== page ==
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  Behaviourism means different things to philosophers and psychologists. In philosophy, Analytical Behaviourism is usually formulated as the doctrine that statements about the mental have the same meaning as (are analytically equivalent to) statements about behaviour. Those who contrast private, introspectible mental phenomena such as pains and publicly observable behaviour are mistaken. For, to give a crude example, the behaviourist holds that the statement ‘she is in pain’ means the same as (is analytically equivalent to) the statement ‘she is manifesting aversion behaviour’.

If behaviourism were true it would solve the mind-body problem. For if statements about the mental have the same meaning as statements about behaviour, then (presumably) mental phenomena would just be behavioural phenomena. Being in pain would just be manifesting aversion behaviour. But the relation between behaviour and the body is unproblematic. So if behaviourism were true, the relation between mental phenomena and the body would be unproblematic.

Similarly, if behaviourism were true it would solve the problem of other minds. The problem of other minds is based on the assumption that one\'s beliefs about other minds are the result of an inference from publicly observable behaviour to private, introspectible mental phenomena such as pains. But if statements about the mental are analytically equivalent to statements about behaviour, there is no such inference. There is no ‘epistemological gap’ between behaviour and the mind.

Philosophers have two main objections to behaviourism. First, behaviourists hold that statements about the mental mean the same as statements about behaviour, but it seems obvious that mental phenomena cause behaviour. Pain cannot be identified with aversion behaviour, ‘she is in pain’ cannot mean the same as ‘she is manifesting aversion behaviour’, because pain causes aversion behaviour. The second objection depends on two thought experiments. Consider a race of ‘Super Spartans’ who do feel pain, but behave as though they do not. It will sometimes be true of a ‘Super Spartan’ that ‘she is in pain’, but false of her that ‘she is manifesting aversion behaviour’. Therefore, these two statements do not have the same meaning. Now consider a group of perfect actors. They do not feel pain, but act as if they do. So it will sometimes be true of a perfect actor that ‘she is manifesting aversion behaviour’, but false of her that ‘she is in pain’. Therefore, these two statements do not have the same meaning.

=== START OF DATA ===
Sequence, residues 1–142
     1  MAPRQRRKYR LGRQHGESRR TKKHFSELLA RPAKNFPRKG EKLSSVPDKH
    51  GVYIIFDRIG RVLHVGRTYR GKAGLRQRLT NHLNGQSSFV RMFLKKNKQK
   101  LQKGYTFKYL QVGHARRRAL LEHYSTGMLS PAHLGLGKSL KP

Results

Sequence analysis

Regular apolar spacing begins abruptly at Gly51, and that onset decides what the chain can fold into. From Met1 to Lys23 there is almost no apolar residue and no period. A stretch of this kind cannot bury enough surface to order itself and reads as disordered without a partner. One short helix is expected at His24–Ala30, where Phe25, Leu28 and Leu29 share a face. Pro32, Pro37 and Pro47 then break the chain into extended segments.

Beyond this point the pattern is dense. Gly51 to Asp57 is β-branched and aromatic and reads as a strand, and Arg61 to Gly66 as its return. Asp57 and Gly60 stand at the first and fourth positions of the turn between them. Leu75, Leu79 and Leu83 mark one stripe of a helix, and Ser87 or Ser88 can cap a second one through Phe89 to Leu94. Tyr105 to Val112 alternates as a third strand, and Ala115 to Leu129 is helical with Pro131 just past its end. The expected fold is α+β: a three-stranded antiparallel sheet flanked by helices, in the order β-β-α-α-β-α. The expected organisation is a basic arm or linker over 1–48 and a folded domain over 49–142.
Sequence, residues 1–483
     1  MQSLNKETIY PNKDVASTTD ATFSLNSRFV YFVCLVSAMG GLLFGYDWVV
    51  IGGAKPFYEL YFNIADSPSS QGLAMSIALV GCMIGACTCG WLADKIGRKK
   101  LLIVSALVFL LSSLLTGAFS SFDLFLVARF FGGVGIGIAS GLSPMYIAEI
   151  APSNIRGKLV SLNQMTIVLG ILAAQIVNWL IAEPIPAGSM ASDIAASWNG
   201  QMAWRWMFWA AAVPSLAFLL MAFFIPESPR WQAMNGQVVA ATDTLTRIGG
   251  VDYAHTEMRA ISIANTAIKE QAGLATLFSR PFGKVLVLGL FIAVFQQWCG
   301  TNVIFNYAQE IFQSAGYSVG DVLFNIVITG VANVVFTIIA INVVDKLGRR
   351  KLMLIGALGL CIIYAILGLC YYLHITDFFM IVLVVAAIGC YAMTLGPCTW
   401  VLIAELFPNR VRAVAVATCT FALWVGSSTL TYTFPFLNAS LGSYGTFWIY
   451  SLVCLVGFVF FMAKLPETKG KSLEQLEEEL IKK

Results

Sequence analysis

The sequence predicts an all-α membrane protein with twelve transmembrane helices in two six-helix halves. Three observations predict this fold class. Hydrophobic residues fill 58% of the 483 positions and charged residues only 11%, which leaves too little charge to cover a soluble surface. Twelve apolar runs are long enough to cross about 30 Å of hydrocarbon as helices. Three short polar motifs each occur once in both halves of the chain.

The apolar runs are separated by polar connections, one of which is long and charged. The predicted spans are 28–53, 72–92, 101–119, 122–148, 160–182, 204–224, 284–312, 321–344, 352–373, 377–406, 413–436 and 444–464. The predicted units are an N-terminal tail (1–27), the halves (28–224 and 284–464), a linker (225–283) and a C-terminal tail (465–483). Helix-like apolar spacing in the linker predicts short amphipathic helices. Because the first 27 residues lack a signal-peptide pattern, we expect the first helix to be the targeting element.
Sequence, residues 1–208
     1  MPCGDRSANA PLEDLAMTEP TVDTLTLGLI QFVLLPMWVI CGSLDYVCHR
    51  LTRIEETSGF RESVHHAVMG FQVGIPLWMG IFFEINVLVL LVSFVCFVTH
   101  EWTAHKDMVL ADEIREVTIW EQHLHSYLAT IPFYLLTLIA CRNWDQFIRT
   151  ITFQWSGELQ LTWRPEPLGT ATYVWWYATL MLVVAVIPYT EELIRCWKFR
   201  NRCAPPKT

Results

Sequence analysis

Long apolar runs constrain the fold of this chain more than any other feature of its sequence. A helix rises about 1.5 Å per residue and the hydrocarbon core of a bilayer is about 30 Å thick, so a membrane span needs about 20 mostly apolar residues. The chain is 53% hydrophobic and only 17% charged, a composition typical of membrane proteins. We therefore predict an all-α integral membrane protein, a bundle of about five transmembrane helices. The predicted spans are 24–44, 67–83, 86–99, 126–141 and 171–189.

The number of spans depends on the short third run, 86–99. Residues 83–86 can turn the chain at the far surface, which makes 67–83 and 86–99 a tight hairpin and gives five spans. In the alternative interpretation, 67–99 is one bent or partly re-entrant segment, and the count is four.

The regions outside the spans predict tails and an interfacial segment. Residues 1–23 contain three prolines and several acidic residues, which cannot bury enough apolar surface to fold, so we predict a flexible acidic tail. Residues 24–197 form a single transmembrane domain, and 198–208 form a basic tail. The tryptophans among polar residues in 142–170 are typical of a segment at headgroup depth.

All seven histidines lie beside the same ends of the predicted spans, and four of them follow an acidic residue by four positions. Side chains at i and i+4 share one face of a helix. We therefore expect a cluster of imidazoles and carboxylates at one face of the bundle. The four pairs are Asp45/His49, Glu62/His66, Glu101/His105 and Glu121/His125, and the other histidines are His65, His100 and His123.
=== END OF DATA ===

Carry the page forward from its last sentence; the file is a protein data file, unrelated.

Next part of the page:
In psychology, behaviourism (founded by J.P. Watson in 1913) is the view that mental disturbances are reflex responses to the conditioning of past life; first and foremost it looks for explanations of human psychology in terms of behaviour, that is, what can be observed. Unlike the psychodynamic theories of psychoanalysis and many psychotherapies, behavioural theory does not believe that emotional disturbance can be modified by simply knowing about such responses. Instead the behaviourist applies a counter-conditioning, and rejects any information or concepts obtained from the patient\'s reflections on his or her conscious experience. The behavioural therapist believes in the determining force of the environment and in working with observable behaviour patterns. He or she will attempt to lessen neurosis using external stimuli, administering rewards and punishments, or exposing the patient by degrees to situations or objects which frighten her or him. Examples of other techniques are systematic desensitization, relaxation training, flooding, positive reinforcement and assertiveness training.

Because the pure behaviourist view sees the subject as entirely passive, having no control over his or her life or destiny, being controlled by reinforcers in the environment and attaching no importance to personal meaning, it has found itself to be limited.

In the development of psychology in this century, behaviourism comes after psychoanalysis and before cognitive therapy. As a theraputic approach based on relearning, it is closer to cognitive therapy (which developed in the 1950s), and further away from psychoanalysis, which oversees change developing through interpretations and insight. Behaviourism therefore incorporates, or is incorporated into, such other approaches as cognitive therapy. AJ MJ

See also functionalism.Further reading N. Block, Readings in the Philosophy of Psychology, vol. 1; , G. Ryle, The Concept of Mind; , B.F. Skinner, Beyond Freedom and Dignity; , J.B. Watson, Behaviourism.



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